So he says:

16 The cup of blessing which we bless, is it not the communion of the blood of Christ? The bread which we break, is it not the communion of the body of Christ?

a. The first thing that we must notice about this statement is that it is a rhetoric question. Paul expects the Corinthians to know the answer, and the answer is "Yes." The cup of blessing is indeed the communion of the blood of Christ and the bread is indeed the communion of the body of Christ.

The "cup of blessing" is the cup in the Lord’s Supper. It is said to be the cup "we bless" because it is consecrated or set-apart for the Lord’s use in the Lord’s Supper.

The word rendered "communion" (koinwniva, koinônia) has many different shades of meaning including fellowship, partnership, participation, sharing, association, and communication. This word is closely related to the word translated ‘partaker’ (koinwnov", koinônos) in verse 18: "Behold Israel after the flesh: are not they which eat of the sacrifices partakers of the altar?" So in the context, Paul’s question could be rephrased:

16 The cup of blessing which we bless, is it not the [partaking] of the blood of Christ? The bread which we break, is it not the [partaking] of the body of Christ?

Paul is saying to the Corinthians: "I am sure you know when you partake of the Lord’s Supper that it is no ordinary meal. There are real spiritual significance. When you partake of the Lord’s Supper, you,—not only,—identify yourself with Christ who sacrificed himself for you, but you partake of his body and blood.

b. But what does Paul mean by partaking of the body and blood of Christ? How do we eat the body and blood of Christ? Traditionally in the Christian church, there have been 4 different views concerning what Paul meant.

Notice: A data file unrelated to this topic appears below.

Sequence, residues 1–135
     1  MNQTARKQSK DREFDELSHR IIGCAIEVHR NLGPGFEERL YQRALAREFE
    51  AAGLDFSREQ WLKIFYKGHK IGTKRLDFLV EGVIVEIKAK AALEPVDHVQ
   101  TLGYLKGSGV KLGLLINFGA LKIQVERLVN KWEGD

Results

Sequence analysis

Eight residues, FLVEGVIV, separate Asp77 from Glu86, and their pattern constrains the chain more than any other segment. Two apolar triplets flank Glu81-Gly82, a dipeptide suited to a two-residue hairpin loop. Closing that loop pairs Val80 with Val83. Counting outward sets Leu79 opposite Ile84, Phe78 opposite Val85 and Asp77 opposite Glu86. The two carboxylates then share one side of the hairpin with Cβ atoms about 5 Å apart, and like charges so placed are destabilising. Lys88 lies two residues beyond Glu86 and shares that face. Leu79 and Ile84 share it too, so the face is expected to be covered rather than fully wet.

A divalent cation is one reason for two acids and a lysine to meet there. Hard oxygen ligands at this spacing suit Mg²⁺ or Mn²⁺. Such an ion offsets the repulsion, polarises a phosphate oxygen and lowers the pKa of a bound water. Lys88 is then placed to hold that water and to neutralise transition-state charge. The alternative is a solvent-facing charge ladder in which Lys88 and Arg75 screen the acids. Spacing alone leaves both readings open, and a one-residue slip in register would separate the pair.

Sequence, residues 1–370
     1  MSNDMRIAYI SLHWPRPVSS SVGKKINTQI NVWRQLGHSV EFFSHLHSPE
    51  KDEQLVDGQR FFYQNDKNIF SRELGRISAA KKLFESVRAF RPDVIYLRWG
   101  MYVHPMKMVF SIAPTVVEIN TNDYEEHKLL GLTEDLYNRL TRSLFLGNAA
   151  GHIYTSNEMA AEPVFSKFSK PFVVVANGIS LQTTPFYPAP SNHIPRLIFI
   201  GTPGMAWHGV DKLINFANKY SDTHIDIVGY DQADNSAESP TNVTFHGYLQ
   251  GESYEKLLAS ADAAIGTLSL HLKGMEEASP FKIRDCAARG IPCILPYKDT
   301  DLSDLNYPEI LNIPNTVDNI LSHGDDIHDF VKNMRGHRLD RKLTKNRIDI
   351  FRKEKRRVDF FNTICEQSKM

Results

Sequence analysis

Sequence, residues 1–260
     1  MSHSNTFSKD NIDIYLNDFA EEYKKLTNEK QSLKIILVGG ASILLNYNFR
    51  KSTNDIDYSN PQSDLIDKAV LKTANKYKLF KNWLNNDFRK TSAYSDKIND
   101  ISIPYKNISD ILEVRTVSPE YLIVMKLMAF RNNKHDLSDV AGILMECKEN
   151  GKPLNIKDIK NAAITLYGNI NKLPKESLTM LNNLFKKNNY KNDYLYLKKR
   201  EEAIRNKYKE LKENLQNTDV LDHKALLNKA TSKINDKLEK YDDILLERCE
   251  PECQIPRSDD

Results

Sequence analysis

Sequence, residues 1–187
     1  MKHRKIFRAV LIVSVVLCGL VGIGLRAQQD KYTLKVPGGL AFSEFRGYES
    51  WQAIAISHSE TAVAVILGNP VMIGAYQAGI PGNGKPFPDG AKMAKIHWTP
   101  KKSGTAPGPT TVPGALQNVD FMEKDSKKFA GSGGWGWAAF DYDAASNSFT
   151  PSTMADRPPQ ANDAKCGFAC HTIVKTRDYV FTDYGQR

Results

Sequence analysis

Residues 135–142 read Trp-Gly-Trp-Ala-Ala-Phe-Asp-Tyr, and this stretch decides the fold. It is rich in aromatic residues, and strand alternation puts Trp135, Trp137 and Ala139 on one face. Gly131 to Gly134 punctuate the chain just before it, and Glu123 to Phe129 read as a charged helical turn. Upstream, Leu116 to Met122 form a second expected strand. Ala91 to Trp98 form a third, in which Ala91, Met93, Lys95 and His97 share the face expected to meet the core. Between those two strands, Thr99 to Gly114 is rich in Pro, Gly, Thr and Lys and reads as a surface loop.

i. Roman Catholicism teaches what is known as transubstantiation which insists that the bread and wine become the actual flesh and blood of Christ. But this cannot be the case. It does not make sense! How could the body and blood of Christ be found in a thousand places at the same time? And besides, would it not be equivalent to cannibalism if the communicants actually ingest and digest the actual flesh and blood of Christ? The idea is repugnant.

ii. Lutheranism teaches a compromise position known as consubstantiation in which they affirm that the flesh and blood of Christ is found in, under and around the substance of the bread and wine when they have been consecrated. But the objection to consubstantiation would be the same as that for transubstantiation.

iii. Now, there were those who react strongly to both of these views and insist that the Lord’s Supper is purely symbolic. The Swiss Reformer Ulrich Zwingli apparently held to this view, and so this view is often known as the Zwinglian view. But this view does not hold up when we compare scripture with scripture. In our text Paul already suggests that the Lord’s Supper is not only a memorial, but also a communion or a partaking of the body and blood of Christ. In fact, Paul’s reference to the Lord’s Supper in this context only makes sense when we realise that he is using the Corinthian’s understanding that the Lord’s Supper is not purely symbolic in order to show feasts of idols do also have real spiritual significance.

Then in 1 Corinthians 11:27ff, Paul insists that those who partake of the Lord’s Supper unworthily partake damnation to themselves, and some have even fallen ill or died in the church for this reason. If the Lord’s Supper was purely symbolic, then it would be very strange indeed that Paul should equate the sicknesses and deaths in the church with unworthy partaking of the Lord’s Supper.

iv. For this reason, most Reformed churches whether Presbyterian or Baptist or otherwise, reject the memorial view of Zwingli and adopt what is known as Calvin’s view. Calvin teaches us that when we partake of the Lord’s Supper, we do really partake of the body and blood of Christ, though in a spiritual manner. Thus the WSC Q. 96 teaches us that:

The Lord’s Supper is a sacrament, wherein, by giving andreceiving bread and wine, according to Christ’s appointment, his death is shewed forth; and the worthy receivers are,—not after a corporal and carnal manner,—but by faith, made partakers of hisbody and blood, with all his benefits, to their spiritual nourishment, and growth in grace.